So they can be useful too, if you just look at them in a different way.

There are different types of weeds too:

Annual Weeds

Annuals complete their lifecycle in just one year:

Germinate – Grow – Flower – Set Seed – Die.

E.g. Groundsel, Cleavers


Ephemeral Weeds

A plant that completes many lifecycles in the same year:

Germinate – Grow – Flower – Set Seed – Die.

They are very short-lived plants and this cycle happens many times over the year.

E.g. Groundsel

Biennial Weeds

Biennials complete their lifecycle in two years:

Year 1 – They germinate and grow

Year 2 – They flower and set seed

E.g. Shepherds purse


Perennial Weeds

A perennial weed lives for more than two years and most will reproduce many times.  They reproduce either by seed and / or vegetatively.

E.g. couch grass, creeping buttercup.

If you know their lifecycle, you can eradicate the weed before it reproduces.  Remember the old saying:

“One year’s seeding means seven years weeding”

Over the next four days I will look at four common weeds and their lifecycles, in the hope we can fight the battle of ‘The Weeds’.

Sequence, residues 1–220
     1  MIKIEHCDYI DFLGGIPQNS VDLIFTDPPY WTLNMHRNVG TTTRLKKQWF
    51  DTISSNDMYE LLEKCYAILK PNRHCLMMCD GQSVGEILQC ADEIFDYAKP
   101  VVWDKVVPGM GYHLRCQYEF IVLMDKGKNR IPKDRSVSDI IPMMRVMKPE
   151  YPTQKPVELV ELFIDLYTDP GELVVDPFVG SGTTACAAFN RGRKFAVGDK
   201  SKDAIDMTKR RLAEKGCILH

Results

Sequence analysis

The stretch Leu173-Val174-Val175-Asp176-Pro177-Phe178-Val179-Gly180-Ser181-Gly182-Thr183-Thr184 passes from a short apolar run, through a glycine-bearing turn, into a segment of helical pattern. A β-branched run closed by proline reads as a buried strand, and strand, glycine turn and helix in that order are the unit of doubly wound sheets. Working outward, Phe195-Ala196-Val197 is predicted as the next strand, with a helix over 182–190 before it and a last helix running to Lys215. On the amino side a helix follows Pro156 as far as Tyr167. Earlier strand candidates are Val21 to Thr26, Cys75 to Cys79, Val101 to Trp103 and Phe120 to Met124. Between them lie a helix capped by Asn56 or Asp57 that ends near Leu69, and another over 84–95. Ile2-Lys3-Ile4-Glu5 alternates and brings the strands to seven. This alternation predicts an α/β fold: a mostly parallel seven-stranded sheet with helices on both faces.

Today’s Half-Term Activity – Play Dough

An easy thing to make is ‘Play dough’.  Over the years, my daughters have had hours of fun making shapes and cutting models out.  I kept my eyes open for cutters and things in charity shops and school fairs and I managed to get quite a collection.

Play dough can be made in any colour.  I used to make batches of three colours. It’s safe for the kids to play with as there are no chemicals and it won’t harm them if they put it in their mouths (though it will taste foul if they do).

 It lasts for a few days if you pop it in the fridge after the kids have finished with it.  Put it in a box or a bag, to stop it from drying out.


Play dough Recipe:

1 Cup of water

1 Cup Plain flour

½ Cup of salt

1 Tablespoon cooking oil

Few drops of food colouring


Put the ingredients into a pan and heat, stirring all the time, until the mixture comes together in one large ball.

Don’t be alarmed at the state of your pan after cooking.  Soak the pan for a while and the play dough will  wash off easily.

Leave the play dough to cool on a plate for a few minutes.


It’s as easy as that.

Play dough ‘hair’


I hope you have enjoyed reading my blog today